An indignant reader tipped us off to a a Chicago Sun-Times article that defends a woman who struck her husband after finding him with hookers. I wish I could say I'd never do that.
The truth is, I've hit boyfriends in anger. I'm not proud of it, and I debated not writing about it at all, but it's not something I've seen talked about much. I'm not talking beating, but when confronted with infidelity, I've slapped a boyfriend across the face, hard, and more than once, and shoved and struck too. Now, you might say these were extraordinary circumstances, or that because I'm a fairly small woman striking a much larger man it's not so bad, but the fact remains that if the tables were turned, such behavior would be considered appalling.
When I sounded out some friends, several of them admitted to lashing out physically at a boyfriend, and while no one was exactly pleased with themselves over it, it also didn't seem like the Big Deal it obviously would be were a boyfriend doing the same thing. I can't speak for others, but in some ways, I feel like violence was encouraged in me; people always found my temper, with its foot-stomping, drink-tossing, vase-smashing theatrics, to be hilarious, largely because I am so small and because it comes out so rarely. Like my grandmother, I was "a spitfire," my grandpa always said approvingly. As a result, I didn't work to curb it as I should have, probably feeling in some way that it even denoted "spunk" or something, and doubtless there was some half-baked, unacknowledged idea of "lady's prerogative" at work, a double-standard I'd consciously have mocked.
In the Sun-Times story, Eni Skoien came home to find her husband, Gary, a former Cook County Republican chairman, in their children's playroom with two hookers, whereupon she struck him with her fists and a toy guitar. As a result, she spent two nights in jail for assault. Columnist Mary Mitchell, writes the following
I don't condone violence. In fact, my mantra is run, walk, crawl if you have to, to avoid violence. But I can certainly understand why Eni Skoien couldn't slink away. Everybody knows that you don't ever bring another woman into your wife's home.
Mitchell points out Skoien's small size - "5 feet 4 inches and 110 pounds" - but as we know, if it were a diminutive man doing the beating, it wouldn't lessen the crime, just make the bullying somehow more psychologically charged. Should her husband have called the cops on her? I'd say no, given the circumstances and the fact that it seems unlikely he was in real jeopardy - but then, he's obviously a bad guy. Once arrested, while it seems "unfair," as Mitchell says, assault is, at the end of the day, assault. While we might feel for a woman confronted with such a scenario - and I wish I didn't empathize quite so much - we don't live in an "eye for an eye" society. Quite simply, violence is never part of our social contract, or shouldn't be. And isn't that the real issue? Beyond any notions of gender equality or double-standards (which, even if applied n your favor, always come back to bite you in different ways) it comes down to what is acceptable. I remember the look of shock on my shrink's face when I told him I'd struck my boyfriend; it was then that it really hit home (no pun intended.) There was no justifying it or explaining it away; it had been violence, pure and simple, and the accident of being small didn't change that fact. Mitchell says, "in a situation like this, a few whacks might be the only way a woman can hold onto her dignity." Well, take it from me: it doesn't make you feel dignified. And thank goodness for that.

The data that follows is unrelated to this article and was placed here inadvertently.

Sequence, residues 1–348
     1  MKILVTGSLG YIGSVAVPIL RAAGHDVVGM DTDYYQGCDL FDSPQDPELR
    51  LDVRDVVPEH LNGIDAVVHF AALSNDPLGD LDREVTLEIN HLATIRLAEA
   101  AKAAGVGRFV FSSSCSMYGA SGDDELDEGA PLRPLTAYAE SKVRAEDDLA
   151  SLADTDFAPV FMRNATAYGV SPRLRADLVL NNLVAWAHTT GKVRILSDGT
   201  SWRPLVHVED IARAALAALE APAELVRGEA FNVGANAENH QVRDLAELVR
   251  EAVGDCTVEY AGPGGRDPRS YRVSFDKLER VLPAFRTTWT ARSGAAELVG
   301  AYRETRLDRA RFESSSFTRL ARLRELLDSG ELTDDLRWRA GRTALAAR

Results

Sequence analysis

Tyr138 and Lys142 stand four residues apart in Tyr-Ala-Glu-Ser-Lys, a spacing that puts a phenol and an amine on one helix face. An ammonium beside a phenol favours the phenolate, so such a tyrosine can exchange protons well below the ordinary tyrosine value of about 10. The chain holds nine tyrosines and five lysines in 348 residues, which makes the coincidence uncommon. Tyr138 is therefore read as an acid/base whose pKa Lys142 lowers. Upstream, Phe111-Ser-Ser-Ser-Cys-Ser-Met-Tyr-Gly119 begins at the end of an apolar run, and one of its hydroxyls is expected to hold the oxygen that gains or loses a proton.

If She Hit Him, He Probably Deserved It [Chicago Sun-Times]